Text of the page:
Here’s the text of my talk at IASPM this weekend, “Leaning Into The Red: On The Sonic Dimensions of Black Feminist Responses to Post-Feminism.” It’s a 7500 word paper, so I’m only going to give the first half of it. However, you can read the whole long thing if you want.
Here’s the intro, to give you a flavor:
Writing in Noisey, Emma Garland says that in 2015 “whether a music video by a female artist is feminist or not has since become the primary yardstick we use to determine its value,” and this yardstick is ill-equipped to assess the “inconsistent maze of sexism and feminism” in work like Rihanna’s 2015 single “BBHMM.” This yardstick comes up short in a lot of ways: it relies on clear-cut distinctions between agency and objectification, it uses respectability politics to make that distinction, and, as Garland suggests but does not develop, it focuses exclusively on videos and ignores the song itself. These oversights are due to neoliberal post-feminism’s reliance on classically liberal feminist understandings of the relationship between political representation and artistic representation. Because white liberal feminism thinks the lack of free verbal expression and inaccurate visual representation are the main impediments to women’s political equality, sound and music appear, from this perspective, to be apolitical…or at least irrelevant to women’s political emancipation. However, as I have argued elsewhere, post-feminism’s inattention to sound lets sound and music work behind the scenes, either to critique or to reaffirm post-feminism’s doubling-down on MRWaSP (Multi-Racial White Supremacist Patriarchy) sexual respectability and gender normativity. Here, I focus on black women’s use of sound to critique and develop alternatives to post-feminist pop’s MRWaSP respectability politics. Because white post-feminism obscures the work sound does, black women musicians can use sound to “turn up” post-feminist rhetorics and politics, to push gender into the red.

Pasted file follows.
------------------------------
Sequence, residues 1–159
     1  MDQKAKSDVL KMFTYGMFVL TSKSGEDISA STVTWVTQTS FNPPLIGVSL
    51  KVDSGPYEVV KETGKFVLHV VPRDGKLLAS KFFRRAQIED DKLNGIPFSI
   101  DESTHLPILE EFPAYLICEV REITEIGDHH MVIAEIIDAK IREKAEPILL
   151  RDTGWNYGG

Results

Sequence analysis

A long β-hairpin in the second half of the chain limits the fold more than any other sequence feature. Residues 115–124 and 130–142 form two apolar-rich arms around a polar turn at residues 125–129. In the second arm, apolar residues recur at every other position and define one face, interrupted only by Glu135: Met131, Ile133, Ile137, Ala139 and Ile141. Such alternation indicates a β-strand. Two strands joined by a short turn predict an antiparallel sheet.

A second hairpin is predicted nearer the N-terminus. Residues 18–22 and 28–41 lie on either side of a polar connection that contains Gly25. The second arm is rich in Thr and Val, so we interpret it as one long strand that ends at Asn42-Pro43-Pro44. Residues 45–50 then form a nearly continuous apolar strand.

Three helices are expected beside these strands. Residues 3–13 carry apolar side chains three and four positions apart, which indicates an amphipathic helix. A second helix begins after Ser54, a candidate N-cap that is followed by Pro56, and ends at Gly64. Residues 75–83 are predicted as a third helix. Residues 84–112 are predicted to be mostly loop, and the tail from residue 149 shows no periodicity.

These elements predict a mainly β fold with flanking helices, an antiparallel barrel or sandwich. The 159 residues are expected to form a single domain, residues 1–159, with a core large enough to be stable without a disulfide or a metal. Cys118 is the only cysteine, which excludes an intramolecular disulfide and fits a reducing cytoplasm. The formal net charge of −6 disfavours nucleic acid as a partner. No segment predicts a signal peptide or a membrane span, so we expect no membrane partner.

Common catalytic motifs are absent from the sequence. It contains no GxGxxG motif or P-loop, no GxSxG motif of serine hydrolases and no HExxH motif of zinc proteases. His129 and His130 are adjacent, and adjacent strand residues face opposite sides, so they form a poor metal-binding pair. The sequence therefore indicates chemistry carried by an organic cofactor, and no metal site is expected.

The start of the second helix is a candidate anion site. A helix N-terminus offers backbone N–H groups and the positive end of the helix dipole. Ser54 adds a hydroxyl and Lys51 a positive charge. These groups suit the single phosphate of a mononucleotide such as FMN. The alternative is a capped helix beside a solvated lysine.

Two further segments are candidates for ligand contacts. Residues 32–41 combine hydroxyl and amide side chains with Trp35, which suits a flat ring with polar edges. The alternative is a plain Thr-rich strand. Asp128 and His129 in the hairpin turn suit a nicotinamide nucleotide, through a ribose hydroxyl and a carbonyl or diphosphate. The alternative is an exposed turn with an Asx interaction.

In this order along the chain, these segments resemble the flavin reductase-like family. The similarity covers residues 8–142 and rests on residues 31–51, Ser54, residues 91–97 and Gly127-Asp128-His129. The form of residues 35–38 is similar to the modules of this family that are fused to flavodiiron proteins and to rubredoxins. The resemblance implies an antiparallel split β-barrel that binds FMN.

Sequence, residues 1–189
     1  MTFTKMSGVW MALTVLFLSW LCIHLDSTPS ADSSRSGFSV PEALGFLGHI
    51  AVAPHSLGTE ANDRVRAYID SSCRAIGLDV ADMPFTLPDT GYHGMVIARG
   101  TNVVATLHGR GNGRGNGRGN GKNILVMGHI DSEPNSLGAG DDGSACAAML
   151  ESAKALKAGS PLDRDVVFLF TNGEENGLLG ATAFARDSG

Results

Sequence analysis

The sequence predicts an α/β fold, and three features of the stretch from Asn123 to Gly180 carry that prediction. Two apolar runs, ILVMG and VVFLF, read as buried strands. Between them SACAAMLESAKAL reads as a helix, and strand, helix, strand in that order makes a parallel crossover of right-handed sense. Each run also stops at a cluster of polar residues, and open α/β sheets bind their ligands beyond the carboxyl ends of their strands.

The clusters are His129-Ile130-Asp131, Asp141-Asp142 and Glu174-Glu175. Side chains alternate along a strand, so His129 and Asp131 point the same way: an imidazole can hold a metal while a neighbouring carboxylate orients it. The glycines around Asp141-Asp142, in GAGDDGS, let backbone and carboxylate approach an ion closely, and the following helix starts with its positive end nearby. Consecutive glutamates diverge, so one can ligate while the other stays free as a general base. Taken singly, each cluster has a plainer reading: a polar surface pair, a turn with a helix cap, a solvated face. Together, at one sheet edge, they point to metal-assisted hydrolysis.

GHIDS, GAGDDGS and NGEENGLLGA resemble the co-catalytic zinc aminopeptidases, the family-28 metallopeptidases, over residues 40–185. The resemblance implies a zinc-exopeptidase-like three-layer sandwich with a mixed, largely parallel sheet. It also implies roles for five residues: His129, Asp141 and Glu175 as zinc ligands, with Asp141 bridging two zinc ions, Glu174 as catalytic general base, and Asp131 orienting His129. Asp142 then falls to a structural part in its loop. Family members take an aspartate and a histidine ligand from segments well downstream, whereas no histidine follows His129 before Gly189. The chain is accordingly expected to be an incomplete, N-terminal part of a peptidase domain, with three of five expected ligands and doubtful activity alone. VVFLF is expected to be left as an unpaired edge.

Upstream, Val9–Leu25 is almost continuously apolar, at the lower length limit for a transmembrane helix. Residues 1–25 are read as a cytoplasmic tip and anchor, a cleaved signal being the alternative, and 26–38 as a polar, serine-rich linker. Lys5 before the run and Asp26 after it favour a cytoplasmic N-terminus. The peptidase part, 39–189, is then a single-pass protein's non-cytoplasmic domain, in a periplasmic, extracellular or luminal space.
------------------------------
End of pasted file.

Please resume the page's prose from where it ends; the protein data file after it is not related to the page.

I consider two ways black women pop stars use sound to negotiate white popular post-feminism’s “Is it feminist?” yardstick, particularly its demand that women demonstrate agency and overcome the negative effects of misogyny. First I argue that post-feminism’s demand for agency is a new type of respectability politics, and show that Nicki Minaj’s “Anaconda,” Beyoncé’s “Drunk In Love,” and Missy Elliott’s catalog-spanning use non-verbal sounds to both (1) re-script femininity and feminine body experience and (2) produce bodily and aesthetic pleasures outside the jurisdiction of post-feminist respectability. Each artist uses a distinct technique or set of techniques, but the effect is the same: sounds create femininities beyond the narrow confines policed by respectability politics.
[I won’t have time for this, sorry folks: Second, I argue that the music and diegetic sound in Rihanna’s BBHMM video redirects the flow of racialized sexual violence that produces and distributes “personhood as property” (Weheliye 2014, 44), in particular, the “personhood as property” post-feminism grants to privileged women who Lean In to the market and the State. Because Rih’s character butchers white patriarchal privilege rather than Leaning Into it, her performance is not legible as post-feminist agency; it redirects white post-feminism’s systematic expropriation of personhood-as-property from black women cultural workers.]
But before I get into these responses to post-feminism, let me establish what I mean by popular post-feminism and post-feminist pop.